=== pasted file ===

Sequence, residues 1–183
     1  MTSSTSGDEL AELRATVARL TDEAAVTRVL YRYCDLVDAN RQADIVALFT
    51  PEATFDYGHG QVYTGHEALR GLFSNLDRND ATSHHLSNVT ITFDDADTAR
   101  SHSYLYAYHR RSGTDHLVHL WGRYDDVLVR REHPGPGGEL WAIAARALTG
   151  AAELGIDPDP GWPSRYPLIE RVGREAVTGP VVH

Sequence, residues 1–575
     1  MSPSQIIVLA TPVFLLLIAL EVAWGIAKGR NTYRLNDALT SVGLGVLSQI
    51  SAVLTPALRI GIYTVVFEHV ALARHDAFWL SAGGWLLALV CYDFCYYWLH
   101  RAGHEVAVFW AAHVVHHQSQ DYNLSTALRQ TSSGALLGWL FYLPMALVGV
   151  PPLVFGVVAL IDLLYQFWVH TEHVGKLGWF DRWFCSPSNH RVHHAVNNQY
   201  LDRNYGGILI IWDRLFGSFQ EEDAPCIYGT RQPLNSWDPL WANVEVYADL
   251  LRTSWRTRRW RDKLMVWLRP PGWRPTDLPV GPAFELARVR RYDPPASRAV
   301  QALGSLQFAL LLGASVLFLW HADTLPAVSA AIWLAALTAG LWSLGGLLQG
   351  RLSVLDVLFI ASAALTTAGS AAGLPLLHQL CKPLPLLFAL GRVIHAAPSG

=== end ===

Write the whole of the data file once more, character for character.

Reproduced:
Sequence, residues 1–183
     1  MTSSTSGDEL AELRATVARL TDEAAVTRVL YRYCDLVDAN RQADIVALFT
    51  PEATFDYGHG QVYTGHEALR GLFSNLDRND ATSHHLSNVT ITFDDADTAR
   101  SHSYLYAYHR RSGTDHLVHL WGRYDDVLVR REHPGPGGEL WAIAARALTG
   151  AAELGIDPDP GWPSRYPLIE RVGREAVTGP VVH

Sequence, residues 1–575
     1  MSPSQIIVLA TPVFLLLIAL EVAWGIAKGR NTYRLNDALT SVGLGVLSQI
    51  SAVLTPALRI GIYTVVFEHV ALARHDAFWL SAGGWLLALV CYDFCYYWLH
   101  RAGHEVAVFW AAHVVHHQSQ DYNLSTALRQ TSSGALLGWL FYLPMALVGV
   151  PPLVFGVVAL IDLLYQFWVH TEHVGKLGWF DRWFCSPSNH RVHHAVNNQY
   201  LDRNYGGILI IWDRLFGSFQ EEDAPCIYGT RQPLNSWDPL WANVEVYADL
   251  LRTSWRTRRW RDKLMVWLRP PGWRPTDLPV GPAFELARVR RYDPPASRAV
   301  QALGSLQFAL LLGASVLFLW HADTLPAVSA AIWLAALTAG LWSLGGLLQG
   351  RLSVLDVLFI ASAALTTAGS AAGLPLLHQL CKPLPLLFAL GRVIHAAPSG